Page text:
Monday, January 22, 2007

In the Line of Duty

The first US Congressman to be killed in the line of duty was Leo Joseph Ryan, Jr. He was a representative from the 11th district in California.

In 1978, he was asked by family members to investigate the People's Temple, which had relocated from California to Guyana. The People's Temple was a religious cult led by Jim Jones.

Congressman Ryan, his aide, and several others visited the compound on November 17, where at first, they were well received. However, things eventually turned sour, and a first attempt was made on the Congressman's life. It was decided that the group should leave and try to resolve the problems at Jonestown at a later time. Upon leaving, Jim Jones decided that Congressman Ryan should not be allowed to return to the US. He ordered the Congressman killed and Leo Ryan was gunned down in at an airstrip, waiting for his flight.

Sources: Rick A. Ross Institute, Wikipedia, Political Graveyard

Friday, January 12, 2007

Crepuscular Animals and Rays

Crepuscular animals are those that are active during twilight hours or bright moonlit nights. During the day and during the darkest hours of night, they are hiding or sleeping. Many animals are considered crepsucular. A short list includes:
  • mosquitoes
  • dogs
  • cats
  • nighthawks
  • moose
  • rabbit
  • ferret
  • mouse
  • rat
The word derives from the French and Middle English word, crepuscule, which means twilight.

Source: Wikipedia
Take a quiz and identify the crepuscular animals: Zoobooks

Another use of the word is to describe a light scattering phenomenon called crepuscular rays. We are all familiar with these rays: they are often on inspirational photographs where the sun creates rays that seem to shine like lines against the background of a large cloud.

Crepuscular rays are created when a large object like a cloud blocks the sun. The rest of the sun's rays are shining around the object and when there are atmospheric effects, the light is scattered and easier to see, like dust in sunlight in your home.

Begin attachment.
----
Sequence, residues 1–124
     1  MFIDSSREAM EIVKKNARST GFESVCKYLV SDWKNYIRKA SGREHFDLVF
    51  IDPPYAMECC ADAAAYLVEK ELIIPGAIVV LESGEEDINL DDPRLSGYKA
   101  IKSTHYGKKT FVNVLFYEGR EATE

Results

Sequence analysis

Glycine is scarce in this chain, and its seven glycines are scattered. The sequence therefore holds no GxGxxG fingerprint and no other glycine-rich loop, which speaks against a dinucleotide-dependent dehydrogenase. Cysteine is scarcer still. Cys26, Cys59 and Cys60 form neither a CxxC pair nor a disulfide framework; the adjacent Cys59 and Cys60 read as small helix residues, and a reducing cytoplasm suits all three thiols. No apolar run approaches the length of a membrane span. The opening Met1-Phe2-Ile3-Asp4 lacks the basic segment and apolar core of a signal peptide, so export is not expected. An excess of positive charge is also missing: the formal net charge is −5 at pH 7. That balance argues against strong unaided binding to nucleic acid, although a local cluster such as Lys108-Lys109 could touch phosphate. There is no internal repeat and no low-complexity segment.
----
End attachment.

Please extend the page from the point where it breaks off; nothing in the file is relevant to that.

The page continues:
For more information and the source: Crepuscular Rays

Tuesday, January 09, 2007

Soul Weighs 21 grams?

Dr. Duncan MacDougall of Haverhill, Massachusetts attempted to weigh the human soul. In 1907, he placed 6 dying patients on a homemade scale, which also acted as a bed for the patients. He then recorded their weights before and after death. According to Dr. MacDougall, there was a difference of 21 grams between the heavier, living patients and their dead bodies.

He also experimented on 15 dogs and found no loss of weight between the living dogs and their dead bodies. He believed this was because animals do not have souls.

His experiments were criticized since of the six patients, two tests had to be discarded and the level of error was very high. Obviously, it was not a very scientific study.

I think the most interesting part of this bit of trivia is that someone actually tried to weigh a soul.

Source: Urban Legends Reference Page

Saturday, January 06, 2007

One of the oldest drugs

Besides alcohol, which may have been invented before bread, aspirin seems to be one of the oldest drugs to be continually used by human beings.

Aspirin has been used since the times of Ancient Greece in the form of willow bark and leaves. The willow trees contain a chemical called salicin which relieves pain and fever. Hippocrates (circa 460 B.C.E and 377 B.C.E) prescribed aspirin for pain, fever and headaches.

It wasn't until the early 1800's that the chemical compound, salicylic acid (SA), was isolated. Later, in 1897, a chemist created a stable, synthetic version of salicylic acid which is known as acetylsalicylic acid (ASA). His name was Felix Hoffmann, and he worked at Bayer, Germany.

The name "aspirin" is a compound word where 'a' stands for ASA, 'spir' from the spirea plant which also has a lot of salicin, and 'in' to indicate that the product is a drug.

Sources: Aspirin History, History of Aspirin